Bird Construction Income Fund isn't having a good day. The units plunged more than 12 per cent on Tuesday, a day after the company reported disappointing third quarter results. For an investment that was once tapped as a good infrastructure play, the units are now looking as though they have been resting on a fault line.
While the consensus of analysts had been expecting Bird Construction to report earnings of $1.03 per unit, actual earnings came in at just 61 cents. Benoit Caron, an analyst at National Bank Financial, pointed out that the giant miss was due to two factors: Low-margin work secured over the past 18 months is now being delivered, and there is a big shift from late-stage to early-stage contracts.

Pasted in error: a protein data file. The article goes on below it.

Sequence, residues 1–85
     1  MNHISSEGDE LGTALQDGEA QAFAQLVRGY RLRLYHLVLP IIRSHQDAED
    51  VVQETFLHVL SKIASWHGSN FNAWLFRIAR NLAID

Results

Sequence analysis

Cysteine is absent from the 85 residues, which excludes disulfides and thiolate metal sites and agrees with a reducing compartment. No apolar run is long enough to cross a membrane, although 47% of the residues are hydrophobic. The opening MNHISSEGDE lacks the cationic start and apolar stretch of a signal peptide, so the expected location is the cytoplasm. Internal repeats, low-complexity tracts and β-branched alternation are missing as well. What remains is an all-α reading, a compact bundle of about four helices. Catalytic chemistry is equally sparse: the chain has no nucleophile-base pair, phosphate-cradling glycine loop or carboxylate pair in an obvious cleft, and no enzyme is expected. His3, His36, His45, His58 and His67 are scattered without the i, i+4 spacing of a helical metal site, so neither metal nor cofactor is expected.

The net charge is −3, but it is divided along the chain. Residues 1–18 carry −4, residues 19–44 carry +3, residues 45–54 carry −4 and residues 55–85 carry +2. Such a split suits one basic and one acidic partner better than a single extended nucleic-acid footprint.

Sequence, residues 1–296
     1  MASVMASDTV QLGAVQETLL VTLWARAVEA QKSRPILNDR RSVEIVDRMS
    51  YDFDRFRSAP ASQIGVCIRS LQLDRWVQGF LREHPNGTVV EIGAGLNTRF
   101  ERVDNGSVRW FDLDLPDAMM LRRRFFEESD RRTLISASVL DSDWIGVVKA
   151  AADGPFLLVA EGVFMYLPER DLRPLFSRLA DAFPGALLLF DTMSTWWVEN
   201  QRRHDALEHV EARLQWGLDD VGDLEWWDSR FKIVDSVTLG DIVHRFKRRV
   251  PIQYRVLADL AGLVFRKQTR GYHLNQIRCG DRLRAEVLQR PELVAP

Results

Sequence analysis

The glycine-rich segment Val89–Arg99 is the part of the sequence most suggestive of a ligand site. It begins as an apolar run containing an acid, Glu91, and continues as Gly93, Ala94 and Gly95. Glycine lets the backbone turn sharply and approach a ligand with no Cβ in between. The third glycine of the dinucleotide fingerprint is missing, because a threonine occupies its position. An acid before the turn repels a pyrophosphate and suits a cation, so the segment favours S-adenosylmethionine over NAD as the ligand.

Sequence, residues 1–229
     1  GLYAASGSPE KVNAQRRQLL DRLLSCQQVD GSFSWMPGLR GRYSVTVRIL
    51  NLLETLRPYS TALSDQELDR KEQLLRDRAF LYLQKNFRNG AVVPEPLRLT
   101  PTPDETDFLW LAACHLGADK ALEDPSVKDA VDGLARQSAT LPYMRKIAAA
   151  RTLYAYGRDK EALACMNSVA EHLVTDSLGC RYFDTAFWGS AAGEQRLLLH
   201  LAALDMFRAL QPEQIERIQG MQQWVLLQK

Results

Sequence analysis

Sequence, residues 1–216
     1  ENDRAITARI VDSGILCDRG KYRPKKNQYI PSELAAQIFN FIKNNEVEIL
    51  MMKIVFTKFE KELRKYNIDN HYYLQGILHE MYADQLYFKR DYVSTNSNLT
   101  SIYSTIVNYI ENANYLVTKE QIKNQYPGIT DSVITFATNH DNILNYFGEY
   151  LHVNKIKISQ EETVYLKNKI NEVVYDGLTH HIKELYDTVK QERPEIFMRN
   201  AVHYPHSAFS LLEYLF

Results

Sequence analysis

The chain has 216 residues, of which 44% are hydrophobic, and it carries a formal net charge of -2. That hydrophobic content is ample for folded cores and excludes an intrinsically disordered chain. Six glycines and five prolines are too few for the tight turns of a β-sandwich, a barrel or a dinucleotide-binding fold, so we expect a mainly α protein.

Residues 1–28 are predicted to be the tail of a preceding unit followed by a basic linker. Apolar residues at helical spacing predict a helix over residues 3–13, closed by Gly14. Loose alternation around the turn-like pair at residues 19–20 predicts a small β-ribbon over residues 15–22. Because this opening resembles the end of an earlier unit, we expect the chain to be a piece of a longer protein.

He cut his price target on the units to $37.50 from $42.50, but still gives Bird Construction an "outperform" recommendation. His bullish reasoning: The company's backlog of institutional projects is growing briskly this year, the balance sheet is in pristine condition (with $208-million in cash, or $14.78 a share) and the dividend (now yielding 5.5 per cent after Tuesday's selloff) is safe.
"The average Street reaction has been to downgrade the stock and to lower the target to the low $30s," Mr. Caron said in a note. "We believe this typical panic reaction is a huge mistake and that Bird should be bought down here. This selloff is a great buying opportunity."